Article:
This year’s children’s day celebration is themed: ‘Protect the rights of the child in the face of violence and insecurity: End child marriage’. It speaks to the frightening statistics showing alarming rates of child abuse.
In Nigeria, while there is a child’s rights act, domestication has been an issue with many states refusing to enforce the law.
UNICEF, in the Nigeria Violence Against Children Survey (carried out by the National Population Commission, with the support of UNICEF and US Centers for Disease Control and Prevention), revealed that half of all children in Nigeria experience violence.
The survey also revealed that four in 10 girls experience sexual violence, one in 10 boys experience sexual violence. Also, one in six girls and one in six boys experience emotional violence before age 18 and only 4 per cent of abused kids get needed help.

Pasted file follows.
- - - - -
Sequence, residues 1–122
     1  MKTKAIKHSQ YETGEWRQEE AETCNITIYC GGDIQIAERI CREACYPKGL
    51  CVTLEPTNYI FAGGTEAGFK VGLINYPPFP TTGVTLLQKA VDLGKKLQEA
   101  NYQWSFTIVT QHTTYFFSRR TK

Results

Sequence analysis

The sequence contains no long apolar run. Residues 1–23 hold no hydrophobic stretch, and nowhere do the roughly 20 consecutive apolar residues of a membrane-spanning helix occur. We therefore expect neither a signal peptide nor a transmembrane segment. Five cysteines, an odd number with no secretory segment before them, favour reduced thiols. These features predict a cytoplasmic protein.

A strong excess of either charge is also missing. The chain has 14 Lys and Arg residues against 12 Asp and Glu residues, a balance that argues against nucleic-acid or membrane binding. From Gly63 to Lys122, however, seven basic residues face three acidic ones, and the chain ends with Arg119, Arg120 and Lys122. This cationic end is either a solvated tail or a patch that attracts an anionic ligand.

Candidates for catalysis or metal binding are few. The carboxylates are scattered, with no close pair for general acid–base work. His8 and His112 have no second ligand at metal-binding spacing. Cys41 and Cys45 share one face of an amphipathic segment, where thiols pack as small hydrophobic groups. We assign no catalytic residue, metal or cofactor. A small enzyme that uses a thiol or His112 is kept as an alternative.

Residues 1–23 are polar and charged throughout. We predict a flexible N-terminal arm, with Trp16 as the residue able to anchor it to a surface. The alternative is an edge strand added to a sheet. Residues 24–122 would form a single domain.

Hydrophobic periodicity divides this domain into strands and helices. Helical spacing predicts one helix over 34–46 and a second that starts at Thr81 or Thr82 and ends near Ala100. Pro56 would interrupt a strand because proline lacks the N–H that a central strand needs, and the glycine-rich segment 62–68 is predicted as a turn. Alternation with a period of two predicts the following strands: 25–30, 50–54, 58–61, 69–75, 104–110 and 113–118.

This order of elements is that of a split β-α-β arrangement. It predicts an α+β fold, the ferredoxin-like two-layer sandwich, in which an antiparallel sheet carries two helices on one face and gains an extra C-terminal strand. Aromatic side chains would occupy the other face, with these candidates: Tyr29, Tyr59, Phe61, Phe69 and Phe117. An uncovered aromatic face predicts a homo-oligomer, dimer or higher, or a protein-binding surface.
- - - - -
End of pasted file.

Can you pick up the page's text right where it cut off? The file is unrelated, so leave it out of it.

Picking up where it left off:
UNICEF also revealed that Nigeria has approximately 10 million out of school children and three-quarters of the suicide bombers in the north east have been girls.
One in two under age girls are married, (Africa Health, Human & Social Development Information Service (Afri-Dev. Info).
According to the 2013 national nutrition and health survey, every year, about 800,000 children under five years die. In Nigeria, about 12.3 million children suffer from chronic malnutrition, out of which 300,000 are at risk of dying.
The report also revealed that 19.4 per cent of children under five years old are underweight. 32.9 per cent are stunted and 7.2 per cent were wasted.
According to the Human Rights Watch, one million children in the north-east have no access to education.
The 2016 children’s day celebration is targeted at shedding light on violence against children and holding government and the society as a whole to end violence against the child.